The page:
Alexander Calder’s Earthquake Relief Hammocks

Alexander Calder Hammock Tapestry


Alexander Calder Hammock Tapestry
Calder hammocks are still affordable, if you can find one.

At the preview for Roland Antiques’ sixth auction in their new space in Greenwich Village, I spotted an outstanding white hammock with a clearly Calderesque motif. It hung on the wall like a tapestry. I could see how a spreader bar would keep the soft structure taut.  Since I have a thing for hammocks and a thing for Calder, I inquired.

Bill Roland, President of Roland Antiques, said what I was looking at was indeed a work by Alexander Calder, circa 1974. Its fair market value was expected run around $3,000 tops. Stunned, I set off to research this rarity.

At, I discovered that Calder was hugely impressed by the work of Central American artisans and weavers. He designed a set of 10 tapestries, after paintings, for weavers to execute in a form they knew well – hammocks. (If you haven’t seen a Latin American hammock, they are woven of fiber, cotton usually – sometimes from the finest embroidery thread – and are very soft. They are voluptuous enough for two and easily accommodate a mosquito net. Think Cancun hammocks swinging from Palapa beams and you get the idea.)

Sometimes a hammock is just a hammock. Other times, it's an Alexander Calder work of art.

Calder was a political activist, a humanitarian. He foresaw the proceeds from the sales of  the hammock tapestries benefiting earthquake victims in Latin America.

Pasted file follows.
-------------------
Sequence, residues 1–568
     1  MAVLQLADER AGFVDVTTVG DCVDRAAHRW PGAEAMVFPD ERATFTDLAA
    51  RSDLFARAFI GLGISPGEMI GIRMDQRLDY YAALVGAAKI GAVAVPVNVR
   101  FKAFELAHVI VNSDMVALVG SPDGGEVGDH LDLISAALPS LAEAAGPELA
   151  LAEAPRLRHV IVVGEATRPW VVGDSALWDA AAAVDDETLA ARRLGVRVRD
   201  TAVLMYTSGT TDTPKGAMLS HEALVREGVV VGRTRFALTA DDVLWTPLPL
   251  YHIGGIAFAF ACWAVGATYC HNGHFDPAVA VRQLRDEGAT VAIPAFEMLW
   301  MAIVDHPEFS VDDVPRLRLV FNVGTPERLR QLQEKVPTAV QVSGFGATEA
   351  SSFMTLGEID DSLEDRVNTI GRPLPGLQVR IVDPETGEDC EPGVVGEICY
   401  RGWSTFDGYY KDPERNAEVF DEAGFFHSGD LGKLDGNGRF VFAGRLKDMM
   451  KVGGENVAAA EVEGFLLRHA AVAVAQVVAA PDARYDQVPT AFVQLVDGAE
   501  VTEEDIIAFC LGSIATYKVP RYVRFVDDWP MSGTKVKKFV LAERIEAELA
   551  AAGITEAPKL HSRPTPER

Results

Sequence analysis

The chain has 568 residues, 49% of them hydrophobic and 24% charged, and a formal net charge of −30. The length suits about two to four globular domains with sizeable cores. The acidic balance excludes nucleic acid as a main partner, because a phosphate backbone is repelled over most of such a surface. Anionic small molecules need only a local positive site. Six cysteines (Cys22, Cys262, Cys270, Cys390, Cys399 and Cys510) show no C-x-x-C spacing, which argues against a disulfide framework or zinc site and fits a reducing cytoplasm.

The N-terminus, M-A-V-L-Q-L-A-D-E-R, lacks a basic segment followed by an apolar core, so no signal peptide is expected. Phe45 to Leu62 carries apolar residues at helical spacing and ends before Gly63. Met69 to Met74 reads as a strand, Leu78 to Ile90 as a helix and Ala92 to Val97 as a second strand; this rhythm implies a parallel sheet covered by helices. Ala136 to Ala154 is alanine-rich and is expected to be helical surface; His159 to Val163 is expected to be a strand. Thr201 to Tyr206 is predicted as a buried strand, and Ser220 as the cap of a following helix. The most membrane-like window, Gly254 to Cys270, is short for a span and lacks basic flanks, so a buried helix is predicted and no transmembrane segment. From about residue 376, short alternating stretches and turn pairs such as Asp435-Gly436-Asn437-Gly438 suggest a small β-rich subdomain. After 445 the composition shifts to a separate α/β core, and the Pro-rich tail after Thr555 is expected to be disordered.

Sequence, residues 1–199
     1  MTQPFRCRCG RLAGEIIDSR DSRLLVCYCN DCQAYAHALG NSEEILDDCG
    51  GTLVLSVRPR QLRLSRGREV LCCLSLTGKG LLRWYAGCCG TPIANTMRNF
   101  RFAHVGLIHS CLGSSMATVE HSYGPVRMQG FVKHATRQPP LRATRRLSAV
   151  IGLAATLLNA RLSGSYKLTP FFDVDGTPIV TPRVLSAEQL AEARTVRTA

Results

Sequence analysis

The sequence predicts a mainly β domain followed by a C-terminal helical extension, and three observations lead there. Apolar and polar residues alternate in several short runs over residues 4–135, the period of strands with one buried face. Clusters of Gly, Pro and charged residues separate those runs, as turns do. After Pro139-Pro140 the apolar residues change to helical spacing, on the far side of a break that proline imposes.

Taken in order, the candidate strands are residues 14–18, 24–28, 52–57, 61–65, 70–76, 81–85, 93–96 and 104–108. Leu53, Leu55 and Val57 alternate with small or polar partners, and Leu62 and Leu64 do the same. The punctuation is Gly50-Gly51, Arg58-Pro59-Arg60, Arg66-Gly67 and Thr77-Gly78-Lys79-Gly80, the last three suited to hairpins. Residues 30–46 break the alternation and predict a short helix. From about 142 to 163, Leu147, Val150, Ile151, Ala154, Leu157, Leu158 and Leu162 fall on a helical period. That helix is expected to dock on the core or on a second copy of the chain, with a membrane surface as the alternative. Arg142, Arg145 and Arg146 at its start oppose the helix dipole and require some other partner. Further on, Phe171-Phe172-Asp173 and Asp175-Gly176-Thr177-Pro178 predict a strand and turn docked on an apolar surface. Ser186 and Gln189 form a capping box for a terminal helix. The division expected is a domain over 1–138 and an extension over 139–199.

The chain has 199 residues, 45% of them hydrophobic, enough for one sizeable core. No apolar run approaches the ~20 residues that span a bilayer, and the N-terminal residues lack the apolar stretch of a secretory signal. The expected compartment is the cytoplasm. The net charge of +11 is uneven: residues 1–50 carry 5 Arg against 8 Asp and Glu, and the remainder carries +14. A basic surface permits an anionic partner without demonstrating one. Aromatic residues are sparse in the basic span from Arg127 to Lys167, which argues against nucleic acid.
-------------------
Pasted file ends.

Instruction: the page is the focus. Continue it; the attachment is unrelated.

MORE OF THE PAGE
Using special European dyes in the Calder palette, teams of indigenous Nicaraguan hammock makers wove his designs into the basic white format. The result is something between a mobile and a stabile. This is artwork that can hang from hooks, wall to wall, in the traditional way or descend from loft rafters to create a bold tapestry. The hammocks measure about 45 inches wide and 131 or so long.

Although not registered in the Calder Foundation Archive during his lifetime, the hammock tapestries are nevertheless legitimate Alexander Calder works of art.  Each is plate signed, signed and dated in the fabric, numbered on the label on verso. The artist himself liked them so much that he had several from the edition of 100 in his home.

One of the things that makes this edition so appealing today is that the prices for the hammocks run well within the budget of young collectors. While prices for Calder hammocks tend to top out about $5,000, the Alexander Calder woven hammock tapestry that went off at Roland Antiques auction played to a rather intimate crowd and went for  $1,680, including buyer’s premium.



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